Finding Wildlife and What to Do
By Jason Berger
We all love our dogs and cats – but pets are not the only animals we come into contact with – or the only animals we may want to help.
What should you do if you come across wildlife that you think might be in danger? Although your initial urge may be to intervene, it is important for the welfare of yourself and the wildlife involved that your intervention come in the right form.
Many animal shelters and rescue organizations have great advice about what to do if you come across wildlife that you think may need assistance.
As an initial matter, there are certain important things to keep in mind before attempting to rescue wildlife.
The Virginia Department of Game and Inland Fisheries does note that “More often than not, handling injured, sick, or orphaned wildlife can do more harm than good. Although our intentions are well-meaning, human interaction with wildlife should always be kept to a minimum. Humans often misinterpret normal wildlife behavior as abnormal and may unnecessarily disturb and stress wild animals by attempting to catch them.” (https://www.dgif.virginia.gov/wildlife/injured/). The Department notes that “More than 75 percent of such orphans “rescued” every spring should have been left alone. Most wild animals are dedicated parents and will not abandon their young, but they do leave them alone for long periods of time while looking for food.” (Id.).
In Virginia, it is illegal to keep or care for orphaned, sick, or injured wildlife unless you are a licensed wildlife rehabilitator, per the Virginia Department of Game and Inland Fisheries (https://www.dgif.virginia.gov/wildlife/injured/rehabilitators/). If wildlife needs help, it is recommended that you first contact a wildlife expert. In Northern Virginia and Washington DC, organizations that may be able to help include The Wildlife Rescue League <http://www.wildliferescueleague.org/. Wildlife rehabilitators can also be found, throughout Virginia, by visiting the Virginia Department of Game and Inland Fisheries at http://www.dgif.virginia.gov/wildlife/injured/rehabilitators/.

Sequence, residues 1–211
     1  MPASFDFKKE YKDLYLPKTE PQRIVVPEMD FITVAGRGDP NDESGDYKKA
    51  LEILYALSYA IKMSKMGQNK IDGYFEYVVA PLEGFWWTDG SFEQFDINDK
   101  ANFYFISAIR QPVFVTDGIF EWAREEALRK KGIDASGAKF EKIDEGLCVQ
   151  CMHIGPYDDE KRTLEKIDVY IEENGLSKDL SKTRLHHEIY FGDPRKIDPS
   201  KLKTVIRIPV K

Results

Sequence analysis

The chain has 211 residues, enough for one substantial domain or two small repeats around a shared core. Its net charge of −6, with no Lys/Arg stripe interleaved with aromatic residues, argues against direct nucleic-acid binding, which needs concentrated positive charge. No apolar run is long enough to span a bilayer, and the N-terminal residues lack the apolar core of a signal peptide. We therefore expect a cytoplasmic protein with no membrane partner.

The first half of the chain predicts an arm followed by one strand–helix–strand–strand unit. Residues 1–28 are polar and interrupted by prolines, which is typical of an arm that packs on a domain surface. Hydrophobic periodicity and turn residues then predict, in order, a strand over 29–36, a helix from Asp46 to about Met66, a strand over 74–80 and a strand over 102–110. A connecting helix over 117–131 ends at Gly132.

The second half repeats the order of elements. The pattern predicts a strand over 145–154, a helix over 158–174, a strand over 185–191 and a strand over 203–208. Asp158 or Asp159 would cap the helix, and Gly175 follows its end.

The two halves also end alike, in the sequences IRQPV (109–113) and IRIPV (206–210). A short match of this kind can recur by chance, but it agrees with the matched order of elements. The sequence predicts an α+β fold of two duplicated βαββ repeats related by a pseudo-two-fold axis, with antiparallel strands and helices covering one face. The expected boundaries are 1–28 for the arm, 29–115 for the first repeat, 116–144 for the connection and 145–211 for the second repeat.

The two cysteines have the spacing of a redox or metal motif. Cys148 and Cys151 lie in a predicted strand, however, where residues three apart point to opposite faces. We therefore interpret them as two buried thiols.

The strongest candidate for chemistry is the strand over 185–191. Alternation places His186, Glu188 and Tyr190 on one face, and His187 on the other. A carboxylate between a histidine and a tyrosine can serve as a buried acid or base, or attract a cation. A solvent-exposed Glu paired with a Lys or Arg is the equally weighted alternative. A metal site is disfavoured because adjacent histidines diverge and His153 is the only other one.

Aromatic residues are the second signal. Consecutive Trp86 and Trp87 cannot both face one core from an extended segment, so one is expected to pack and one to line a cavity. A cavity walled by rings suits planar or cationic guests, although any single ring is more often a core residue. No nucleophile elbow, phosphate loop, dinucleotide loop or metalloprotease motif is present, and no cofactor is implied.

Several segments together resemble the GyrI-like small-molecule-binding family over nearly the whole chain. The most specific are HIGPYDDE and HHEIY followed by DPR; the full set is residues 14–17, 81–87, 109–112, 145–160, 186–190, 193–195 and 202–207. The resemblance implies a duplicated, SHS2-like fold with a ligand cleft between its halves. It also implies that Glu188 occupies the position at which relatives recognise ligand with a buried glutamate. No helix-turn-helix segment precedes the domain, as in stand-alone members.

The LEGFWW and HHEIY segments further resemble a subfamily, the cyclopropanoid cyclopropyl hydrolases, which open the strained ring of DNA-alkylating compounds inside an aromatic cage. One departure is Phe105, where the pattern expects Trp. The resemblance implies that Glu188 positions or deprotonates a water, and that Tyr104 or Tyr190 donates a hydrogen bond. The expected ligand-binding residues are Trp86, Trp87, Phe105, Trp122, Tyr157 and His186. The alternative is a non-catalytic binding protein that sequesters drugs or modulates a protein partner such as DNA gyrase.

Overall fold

The Department can also be contacted at a wildlife conflict helpline at 1-855-571-9003. In DC, City Wildlife can be contacted at (202) 882-1000, during normal business hours, and, after hours, DC Animal Care and Control can be contacted at (202) 576-6664. (https://citywildlife.org/found-animal/).
According to the National Wildlife Federation, “the most important thing you can do when you find any wild animal in need, a baby or an adult, is to immediately call a local wildlife rescue center or licensed wildlife rehabilitator for assistance. If you’re unable to locate a wildlife rescue center or rehabilitator directly, contact a local animal shelter, zoo, humane society, animal control department, nature center, state wildlife agency, or veterinarian for advice.” (http://blog.nwf.org/2018/04/what-to-do-if-you-find-baby-wildlife/). The federation notes that caring for wildlife is a round-the-clock job and requires special training to do properly. In fact, you must have “a state-issued license to legally keep and care for wild animals. Unfortunately, well-meaning attempts by untrained people may result in the death of the animal.” (Id.).
For example, concerning hummingbirds, proper food may not be common sense, but will be required for proper growth for a baby animal. (See https://www.mercurynews.com/2018/03/30/care-about-wildlife-then-heres-what-not-to-do/). Certain foods, such as honey, may be harmful. Countering a common misconception concerning baby birds, the Wildlife Rescue League notes, that “If a bird has fallen out of a nest and you can get to the nest, pick up the bird carefully and put it in the nest (birds cannot smell you).” (http://www.wildliferescueleague.org/does_this_animal_need_help).
Signs of injury:
As noted, it is not always proper to intervene – but there are certain specific signs to look out for, that might make rescuing wildlife appropriate. Concerning finding infant or young wildlife, the Humane Society of the United States recommends that: “Baby wild animals might seem like they need our help, but unless the animal is truly orphaned or injured, there is no need to rescue them.” The Humane Society notes that signs that an animal needs help are:
-Presentation by a cat or dog
-Evidence of bleeding
-An apparent or obvious broken limb
-Featherless or nearly featherless and on the ground
-A dead parent nearby
-Crying and wandering all day long
If you come across an animal with the above signs, contact a wildlife helpline identified above, or a local animal shelter, that will be able to give you safe instructions for handling the animal and will be able to provide information on where to bring the injured animal.